2

I have a string that will be exploded to get an array, and as we know, the output array key will start from 0 as the key to the first element, 1 for the 2nd and so on.

Now how to force that array to start from 1 and not 0?

It's very simple for a typed array as we can write it like this:

array('1'=>'value', 'another value', 'and another one');

BUT for an array that is created on the fly using explode, how to do it?

Thanks.

19
$exploded = explode('.', 'a.string.to.explode');
$exploded = array_combine(range(1, count($exploded)), $exploded);
var_dump($exploded);

Done!

| improve this answer | |
  • 2
    +1. Very nice. :) I was trying to come up with something using array_walk(), but this is better. – ghoti Oct 30 '12 at 22:46
  • 1
    Thank you :) Glad to have helped. – CodeAngry Oct 30 '12 at 22:47
  • 1
    @Claudrian array_combine, range, count: a lot of work for a simple task ;) – Eineki Oct 30 '12 at 22:52
  • @Eineki It's short, explicit and light on cycles. Takes 0.02 milliseconds as in 0.00002 seconds. Not too shabby :) – CodeAngry Oct 30 '12 at 22:55
  • 1
    @Eineki - I disagree. I believe that most questions presented here at StackOverflow are XY problems, and that generalized solutions have greater long-term benefit to future viewers of the site. Sure, you can solve just this problem, but what's the point of that? I don't want to see your one-off answers. I want answers that I can use in my code. Without having to wait for answers to another silly duplicate question. That said ... I like your answer. :) – ghoti Oct 31 '12 at 1:16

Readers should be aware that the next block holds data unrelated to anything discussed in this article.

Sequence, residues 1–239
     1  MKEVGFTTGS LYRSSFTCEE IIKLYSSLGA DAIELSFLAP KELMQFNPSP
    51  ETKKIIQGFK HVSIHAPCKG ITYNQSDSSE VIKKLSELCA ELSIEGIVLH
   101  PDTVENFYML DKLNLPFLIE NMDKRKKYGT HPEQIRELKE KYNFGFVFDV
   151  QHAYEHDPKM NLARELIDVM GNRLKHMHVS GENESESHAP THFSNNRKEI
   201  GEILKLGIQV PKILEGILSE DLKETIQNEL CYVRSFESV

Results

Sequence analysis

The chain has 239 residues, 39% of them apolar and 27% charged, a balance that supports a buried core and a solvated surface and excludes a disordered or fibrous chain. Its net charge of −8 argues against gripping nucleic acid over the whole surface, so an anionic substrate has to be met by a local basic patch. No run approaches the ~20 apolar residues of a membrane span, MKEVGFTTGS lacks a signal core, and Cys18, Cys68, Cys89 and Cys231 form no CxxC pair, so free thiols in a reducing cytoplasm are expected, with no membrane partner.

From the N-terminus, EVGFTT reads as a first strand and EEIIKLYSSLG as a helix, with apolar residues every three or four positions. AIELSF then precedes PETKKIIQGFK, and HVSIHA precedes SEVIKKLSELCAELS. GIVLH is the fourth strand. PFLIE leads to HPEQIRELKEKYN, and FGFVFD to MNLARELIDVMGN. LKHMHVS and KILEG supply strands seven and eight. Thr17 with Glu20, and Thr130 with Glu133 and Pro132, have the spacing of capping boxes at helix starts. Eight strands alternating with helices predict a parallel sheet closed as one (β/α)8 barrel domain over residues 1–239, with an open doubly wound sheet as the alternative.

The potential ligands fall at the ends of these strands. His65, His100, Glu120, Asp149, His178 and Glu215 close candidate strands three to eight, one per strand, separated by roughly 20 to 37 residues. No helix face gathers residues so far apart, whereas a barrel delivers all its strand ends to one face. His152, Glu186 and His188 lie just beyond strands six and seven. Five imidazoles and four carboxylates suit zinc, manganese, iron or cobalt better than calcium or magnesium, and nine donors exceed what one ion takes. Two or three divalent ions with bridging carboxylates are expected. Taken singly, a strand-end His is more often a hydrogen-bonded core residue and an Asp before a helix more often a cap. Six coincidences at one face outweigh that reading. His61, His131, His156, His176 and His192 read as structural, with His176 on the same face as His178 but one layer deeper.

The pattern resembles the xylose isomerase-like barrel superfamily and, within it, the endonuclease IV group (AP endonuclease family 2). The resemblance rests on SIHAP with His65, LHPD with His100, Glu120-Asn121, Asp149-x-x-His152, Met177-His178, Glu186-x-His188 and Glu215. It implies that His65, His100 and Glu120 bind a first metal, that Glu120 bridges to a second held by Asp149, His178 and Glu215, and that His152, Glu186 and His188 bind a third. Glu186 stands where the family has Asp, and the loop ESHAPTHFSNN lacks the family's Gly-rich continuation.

3

Just use a separator to create a dummy element in the head of the array and get rid of it afterwards. It should be the most efficient way to do the job:

function explode_from_1($separator, $string) {
    $x = explode($separator, $separator.$string);
    unset($x[0]);
    return $x;
}

a more generic approach:

function explode_from_x($separator, $string, $offset=1) {
    $x = explode($separator, str_repeat($separator, $offset).$string);
    return array_slice($x,$offset,null,true);
}
| improve this answer | |
1
$somearray = explode(",",$somestring);

foreach($somearray as $key=>$value)
{
   $otherarray[$key+1] = $value;
}

well its dirty but isn't that what php is for...

| improve this answer | |
  • 2
    That won't work. All of the elements of $somearray will be the same. – SomeKittens Oct 30 '12 at 22:33
1

Nate almost had it, but needed a temporary variable:

$someArray = explode(",",$myString);
$tempArray = array();

foreach($someArray as $key=>$value) {
   $tempArray[$key+1] = $value;
}
$someArray = $tempArray;

codepad example

| improve this answer | |
1
$array = array('a', 'b', 'c', 'd');

$flip = array_flip($array);
foreach($flip as &$element) {
    $element++;
}
$normal = array_flip($flip);
print_r($normal);

Try this, a rather funky solution :P

EDIT: Use this instead.

$array = array('a', 'b', 'b', 'd');
$new_array = array();

$keys = array_keys($array);
for($i=0; $i<count($array); $i++) {
    $new_array[$i+1] = $array[$i];
}
print_r($new_array);
| improve this answer | |
  • In your first try, array_flip() will lose data in this case if you have any repeated data in your values. – ghoti Oct 30 '12 at 22:45

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